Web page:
(Message delivered by Rep. Edcel C. Lagman of the First District of Albay at the 19th National Convention and Seminar of the Metropolitan and City Judges Association of the Philippines Inc. in Legazpi City on 21 September 2017)
Honorable Judges, Ladies and Gentlemen:
Considering that today marks the 45th Anniversary of the declaration of martial law by the late dictator Ferdinand Marcos on September 21, 1972, allow me to preface my message with relevant annotations on Marcos’ martial law regime.
The promulgation of martial law in the entire Philippines ignited the beginning of 14 ignominious years of power grab by Marcos wherein he was not only the overstaying Chief Executive and Commander-in-Chief of the Armed Forces of the Philippines but also legislator and in most cases, judicial magistrate.
During the dark years of martial law, Marcos caused the repression, enforced disappearance, torture and killing of countless human rights violation victims; he plundered the economy and amassed ill-gotten hoards estimated to reach more than US$10-B; he allowed cronies to inordinately and criminally enrich themselves; he ballooned the foreign debt from US$1-B in 1965 to US$ 28-B in 1986, the payment of which, including the behest loans, stifled the budget of the subsequent administrations at the expense of socio-economic services; and he submerged the economy to negative Gross Domestic Product (GDP) growth.
Marcos did not only padlock the Congress, arrest titans in the political opposition, detain media personalities and take over sensitive business enterprises and utilities, but he also marginalized judges and the judiciary. In fact, he emasculated the judiciary and derogated judicial independence.
Marcos promulgated General Order No. 2 dated 22 September 1972 which implemented the Arrest, Search and Seizure Order (ASSO). Through ASSO, he, not the courts, ordered the arrest of prominent members of the opposition, leftist personalities and even ordinary citizens.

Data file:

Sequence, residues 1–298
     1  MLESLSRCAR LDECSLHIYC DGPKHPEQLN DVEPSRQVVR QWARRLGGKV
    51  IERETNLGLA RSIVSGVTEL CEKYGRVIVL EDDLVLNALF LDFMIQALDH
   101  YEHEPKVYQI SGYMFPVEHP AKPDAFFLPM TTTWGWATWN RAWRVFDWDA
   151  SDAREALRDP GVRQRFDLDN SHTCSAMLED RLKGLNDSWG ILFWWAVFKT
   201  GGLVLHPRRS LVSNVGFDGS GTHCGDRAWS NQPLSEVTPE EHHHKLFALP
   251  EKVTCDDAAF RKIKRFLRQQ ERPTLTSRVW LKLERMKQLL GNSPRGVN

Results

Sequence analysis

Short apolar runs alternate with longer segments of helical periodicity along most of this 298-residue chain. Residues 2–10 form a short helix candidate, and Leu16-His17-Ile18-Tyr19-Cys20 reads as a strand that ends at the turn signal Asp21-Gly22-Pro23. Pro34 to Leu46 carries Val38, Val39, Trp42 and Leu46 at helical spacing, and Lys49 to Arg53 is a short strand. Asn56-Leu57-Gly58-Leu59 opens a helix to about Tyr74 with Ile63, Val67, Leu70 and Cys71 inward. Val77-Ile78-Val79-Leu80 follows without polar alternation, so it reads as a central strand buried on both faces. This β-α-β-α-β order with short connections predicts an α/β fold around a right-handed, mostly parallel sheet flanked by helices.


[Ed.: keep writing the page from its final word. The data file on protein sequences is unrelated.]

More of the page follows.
Through the PCO (Presidential Commitment Order) and the PDA (Preventive Detention Action), Marcos arrested and detained alleged “enemies of the State” indefinitely, and denied them the rights to bail and to trial. This indubitably depreciated the role of the judiciary.
On September 29, 1972, he issued Letter of Instruction No. 11 (LOI 11) which commanded that, “all officers of the national government whose appointments are vested in the President of the Philippines submit their resignations from office, thru their Department Heads, not later than October 15, 1972”, including members of the judiciary, except those in the Supreme Court.
According to Law Dean and Chairperson of the Free Legal Assistance Group (FLAG), Atty. Jose Manuel Diokno, “From the moment he signed LOI 11, Marcos stripped the judges of their independence. Thus, justice no longer depended on the merits of case, but the closeness of the lawyers and parties to the Marcoses.” (InterAksyon.com)
Marcos was so influential over certain members of the Supreme Court, that when leaders of the opposition challenged the validity of the “ratification” of the 1973 Constitution by mere acclamation of Citizens’ Assemblies, and not through a requisite plebiscite, the High Court shockingly upheld the so-called raising-of-hands “ratification”.
Many decisions of the High Court then sustained the validity of the imposition of martial law and the presidential edicts issued by Marcos.
I am recounting all of these so that martial law during which the judiciary was marginalized and derogated will serve as a fitting backdrop from which your convention theme “ Judicial Office – A Public Trust” can be projected in bold relief.
The independence of the judiciary must not only be protected and insulated from partisan pressures and extraneous forces, but true independence must come from within individual judges who truly honor their office as a public trust.
The Constitution is unequivocal: “Public office is a public trust. Public officers and employees must, at all times, be accountable to the people, serve them with outmost responsibility, integrity, loyalty, and efficiency; act with patriotism and justice, and lead modest lives.” (Sec. 1 of Art. XI on Accountability of Public Officers). According to the Supreme Court in Duque vs. Veloso (G.R. No. 196201, June 19, 2012) “These constitutionally-enshrined principles oft-repeated in our case law, are not mere rhetorical flourishes or idealistic sentiments. They should be taken as working standards by all in the public service.”